Brains generate a body of feeling

Emotions ranging from the thrill of victory to the agony of defeat—this is an Olympic year, after all—engage structures throughout the brain that keep tabs on the body’s current status, such as a racing heartbeat, flushed cheeks, and churning guts. That, at least, is the implication of a study in the October Nature Neuroscience.

Each basic emotion activates a unique brain network that extends far beyond the limbic system, the inner-brain areas that researchers have often viewed as the seat of emotion, contends a team of neuroscientists led by Antonio R. Damasio of the University of Iowa College of Medicine in Iowa City.

Damasio’s group asked 41 men and women to think about personal events marked either by happiness, sadness, anger, or fear. Physiological measures, such as large changes in heart rate, established the onset of an emotion. Positron emission tomography (PET) scans then monitored blood flow changes in each volunteer’s brain as markers of neural activity.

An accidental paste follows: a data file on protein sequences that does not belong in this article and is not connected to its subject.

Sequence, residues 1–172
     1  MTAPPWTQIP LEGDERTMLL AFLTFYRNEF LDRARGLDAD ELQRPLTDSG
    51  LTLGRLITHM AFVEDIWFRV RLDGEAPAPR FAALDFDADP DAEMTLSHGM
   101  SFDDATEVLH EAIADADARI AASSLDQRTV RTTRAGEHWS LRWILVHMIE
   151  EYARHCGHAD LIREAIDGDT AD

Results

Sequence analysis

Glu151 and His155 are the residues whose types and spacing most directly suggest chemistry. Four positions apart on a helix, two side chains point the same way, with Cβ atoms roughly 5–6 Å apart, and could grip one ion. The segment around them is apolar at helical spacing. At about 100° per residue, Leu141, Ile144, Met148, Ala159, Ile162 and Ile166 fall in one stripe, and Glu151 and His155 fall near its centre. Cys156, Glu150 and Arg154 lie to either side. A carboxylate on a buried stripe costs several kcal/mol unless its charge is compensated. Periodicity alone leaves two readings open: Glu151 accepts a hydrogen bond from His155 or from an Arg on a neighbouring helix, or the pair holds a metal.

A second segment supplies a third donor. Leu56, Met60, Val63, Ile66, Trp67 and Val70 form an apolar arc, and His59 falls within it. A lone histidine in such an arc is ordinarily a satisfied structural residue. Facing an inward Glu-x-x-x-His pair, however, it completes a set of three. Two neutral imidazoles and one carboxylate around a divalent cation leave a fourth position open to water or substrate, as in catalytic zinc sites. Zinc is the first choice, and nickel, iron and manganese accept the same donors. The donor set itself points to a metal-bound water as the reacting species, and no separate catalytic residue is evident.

Inducing emotions in this way—by introspection—substantially affected brain areas that receive signals from internal organs, muscles, and skin, the scientists say. They suggest that the work underscores Damasio’s theory that bodily reactions precede a person’s awareness of a specific emotion.

Bruce Bower has written about the behavioral sciences for Science News since 1984. He writes about psychology, anthropology, archaeology and mental health issues.